Serra’s erotic pieces in Part Two are reverent and tender tributes to the female form in keeping with those which precede them; yet these are void of the colors, textures, and structures present in the others and direct all attention to the innate but elusive dichotomy of the female body—and perhaps its very essence. The ability to create life, which is inherently sexual—for one does not exist without the other—and the somewhat alluring, intriguing inevitability of death, as we see portrayed here in Serra’s sensual relationships between voluptuous women and lifeless skulls.

The breathtaking scenic landscapes in Part Three are a perfect way to close. However melancholy, these depictions give way to a rebirth of sorts—a renewed sense of hope—for the viewer. We have seen veins and skulls, blood and dust, life, death, and many unspoken things in between. But Serra leaves us with Light…a sun rising in the distance. This says a great deal not just about the intended journey and evolution of the story told in the illustrations, but perhaps that of the artist himself.



Click for larger images

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Sunday Digs: Dracula’s House for Sale, Tattoos, and Cthulhu for Children

A country home in the UK, used as a film set for the 1958 Dracula starring Christopher Lee, is now on sale. The 118 bedroom mansion was also used as Frank N Furter’s castle in Rocky Horror Picture Show and several Hammer Films due to its close proximity to the studio.

Looking to get in shape this summer? Use the Zombies, Run! app for the extra motivation. Convince yourself that hundreds of lives are at risk from an undead horde and the energy to run an extra mile is just there. It’s better than caffeine.

This time of year seems to get people antsy for new ink. Here’s a lovely gallery of scifi/fantasy/horror themed tattoos. My favorite has to be the zombie Princess Leia.

Artist R.J. Ivankovich, also known as “DrFaustusAU” on DeviantArt, has combined an H.P. Lovecraft classic and illustrations eerily similar to favorite Dr. Seuss picture books to create The Call of Cthulhu—for Beginning Readers.

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Sunday Reads: On Drugs, Zombies, and Creepy Children

Here are a handful of links from around the Internet that we found interesting this past week.

Artist Bryan Lewis Saunders takes several different kinds of drugs and then draws self-portraits. Drugs are bad, m’kay, but the results are interesting.

I’m sorry, zombie friend, but I didn’t quite catch that. One of the funniest things I saw this week was a Bad Lip Reading of The Walking (and Talking) Dead.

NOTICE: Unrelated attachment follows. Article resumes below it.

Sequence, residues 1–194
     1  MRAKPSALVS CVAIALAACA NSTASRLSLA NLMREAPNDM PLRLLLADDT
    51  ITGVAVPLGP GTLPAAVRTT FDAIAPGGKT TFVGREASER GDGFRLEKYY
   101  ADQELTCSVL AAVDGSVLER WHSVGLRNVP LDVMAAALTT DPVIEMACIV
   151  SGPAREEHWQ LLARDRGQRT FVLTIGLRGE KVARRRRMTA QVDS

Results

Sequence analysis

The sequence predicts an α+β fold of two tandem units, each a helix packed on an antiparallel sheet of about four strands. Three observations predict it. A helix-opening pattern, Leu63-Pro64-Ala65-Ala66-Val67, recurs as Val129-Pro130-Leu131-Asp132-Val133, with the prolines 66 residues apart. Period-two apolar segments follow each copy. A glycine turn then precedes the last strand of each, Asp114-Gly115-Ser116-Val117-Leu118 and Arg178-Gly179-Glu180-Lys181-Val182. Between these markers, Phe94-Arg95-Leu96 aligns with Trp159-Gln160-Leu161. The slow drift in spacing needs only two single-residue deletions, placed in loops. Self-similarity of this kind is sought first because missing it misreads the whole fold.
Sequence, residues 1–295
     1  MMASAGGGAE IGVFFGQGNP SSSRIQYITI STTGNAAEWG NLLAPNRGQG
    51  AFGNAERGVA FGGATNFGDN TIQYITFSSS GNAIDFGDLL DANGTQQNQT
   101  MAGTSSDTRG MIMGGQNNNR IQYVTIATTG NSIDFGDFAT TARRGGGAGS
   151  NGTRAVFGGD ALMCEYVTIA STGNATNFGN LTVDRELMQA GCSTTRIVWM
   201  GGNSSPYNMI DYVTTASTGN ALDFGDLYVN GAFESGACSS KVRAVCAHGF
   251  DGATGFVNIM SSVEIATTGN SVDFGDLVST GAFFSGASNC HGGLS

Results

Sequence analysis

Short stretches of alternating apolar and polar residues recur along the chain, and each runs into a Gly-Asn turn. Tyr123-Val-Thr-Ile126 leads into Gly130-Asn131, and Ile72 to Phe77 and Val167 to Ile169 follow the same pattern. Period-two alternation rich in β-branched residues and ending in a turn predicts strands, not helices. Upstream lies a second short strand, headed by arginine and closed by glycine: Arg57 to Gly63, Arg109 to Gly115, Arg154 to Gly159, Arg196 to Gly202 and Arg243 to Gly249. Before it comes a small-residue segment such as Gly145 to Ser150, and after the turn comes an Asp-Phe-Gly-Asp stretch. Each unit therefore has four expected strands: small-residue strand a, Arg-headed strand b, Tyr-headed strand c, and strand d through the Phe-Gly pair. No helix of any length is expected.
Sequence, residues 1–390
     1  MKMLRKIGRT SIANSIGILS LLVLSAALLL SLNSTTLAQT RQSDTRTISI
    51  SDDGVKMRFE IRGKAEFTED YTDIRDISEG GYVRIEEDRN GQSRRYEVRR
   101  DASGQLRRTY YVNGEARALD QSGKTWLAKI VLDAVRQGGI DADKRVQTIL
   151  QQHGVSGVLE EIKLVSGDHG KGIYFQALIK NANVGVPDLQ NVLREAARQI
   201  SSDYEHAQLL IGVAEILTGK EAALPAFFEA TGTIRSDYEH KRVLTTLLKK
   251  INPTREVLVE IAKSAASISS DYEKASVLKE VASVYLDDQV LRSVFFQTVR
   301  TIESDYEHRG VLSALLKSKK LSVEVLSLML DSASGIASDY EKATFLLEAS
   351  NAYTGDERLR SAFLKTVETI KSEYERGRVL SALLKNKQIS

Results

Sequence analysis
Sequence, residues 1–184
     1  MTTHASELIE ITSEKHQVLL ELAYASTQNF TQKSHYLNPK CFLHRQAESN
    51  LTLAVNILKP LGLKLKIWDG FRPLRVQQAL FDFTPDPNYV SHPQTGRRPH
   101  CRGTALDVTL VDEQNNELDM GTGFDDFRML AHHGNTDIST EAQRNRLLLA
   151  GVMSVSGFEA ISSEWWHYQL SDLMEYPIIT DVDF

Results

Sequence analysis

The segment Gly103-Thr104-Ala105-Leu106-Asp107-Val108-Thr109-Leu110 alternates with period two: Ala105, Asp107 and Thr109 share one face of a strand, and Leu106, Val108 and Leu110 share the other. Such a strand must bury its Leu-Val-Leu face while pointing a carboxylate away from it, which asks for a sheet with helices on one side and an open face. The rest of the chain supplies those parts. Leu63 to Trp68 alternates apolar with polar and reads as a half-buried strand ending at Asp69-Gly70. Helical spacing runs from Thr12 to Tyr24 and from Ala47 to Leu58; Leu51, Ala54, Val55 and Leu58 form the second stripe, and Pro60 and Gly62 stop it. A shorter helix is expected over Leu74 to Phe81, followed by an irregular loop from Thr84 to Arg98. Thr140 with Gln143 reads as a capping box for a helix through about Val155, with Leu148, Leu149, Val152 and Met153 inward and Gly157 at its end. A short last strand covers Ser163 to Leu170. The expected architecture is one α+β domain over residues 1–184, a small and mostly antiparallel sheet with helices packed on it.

Zombies aren’t creepy. Children are creepy. Nothing exhibits this better than this very cool, very strange Reddit conversation about the creepiest thing your young child has ever said to you .

And after you’ve been chilled by little Jimmy’s prophecy of your death, or sweet Molly’s insistence that SOMEBODY IS RIGHT BEHIND YOU, you can finish freaking yourself out by looking at these hyper-realistic dolls…of you.

Knock yourselves dead, darlings. See something cool that should be in the roundup? Drop me an email, or leave a post on our forum. Let’s while away our time in the dark.

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Devour It Before It Devours You

John Guzman sent in this incredibly awesome pic. Rock.

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Evolution of a Book Cover

Most artists live in the shadows of their work—and few see them.

We have sold thousands of copies of Shock Totem, and one thing we’re consistently complimented on is our cover art. This happens all the time. Think about that. We get complimented for something we did not create. All the time. The artist, for the most part, is ignored.

Sure, someone from Taiwan got on his back a tattoo of a slightly altered version of the cover art for issue #1—which is flippin’ brilliant—but that’s an extreme compliment. How many people have just e-mailed our artists to tell them how great their work is? Few, if any. I’d bet a lot of money on that.

But they tell us. Again, all the time.

Much like the fact that most people don’t understand how much time and effort an author puts into creating his work, I don’t think people understand or appreciate how much goes into creating cover art—or album art, a painting, a cartoon, etc.

On our Facebook page, we have a photo collection called Resonance. In it you’ll find a series of photos that includes numerous drafts of ideas for cover art we didn’t use, as well as early/alternate versions of the cover art we eventually did use. We want people to see part of the process, because it’s a long one that takes a lot of time and hard work.

As mentioned recently, we will soon reissue James Newman’s ode to 80s horror, The Wicked. We commissioned new artwork from Jesse David Young, as well as numerous interior illustrations. This process began back on September 16, 2011. Over six months ago. To give you a glimpse of what goes on behind the scenes, I’ve put together a little slideshow which begins with the very first sketch idea and ends with the final product.

(All the artwork was done by Jesse David Young, but the layouts for final three covers shown were done Mikio Murakami, Rex Zachary, and Yannick Bouchard, respectively.)


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Scroll down this page a bit, and on the right sidebar you’ll see a section labeled Artists of the Totem. Below it, links to all the artists that have helped make Shock Totem great. Check them out, hire them—or, at least, if you like their work, let them know.